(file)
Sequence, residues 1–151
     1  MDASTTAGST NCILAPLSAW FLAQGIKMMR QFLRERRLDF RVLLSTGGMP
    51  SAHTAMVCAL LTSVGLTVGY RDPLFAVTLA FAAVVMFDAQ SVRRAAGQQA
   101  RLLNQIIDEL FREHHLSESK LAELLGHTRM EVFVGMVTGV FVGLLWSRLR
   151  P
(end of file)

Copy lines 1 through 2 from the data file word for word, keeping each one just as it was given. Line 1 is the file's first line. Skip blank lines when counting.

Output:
Sequence, residues 1–151
     1  MDASTTAGST NCILAPLSAW FLAQGIKMMR QFLRERRLDF RVLLSTGGMP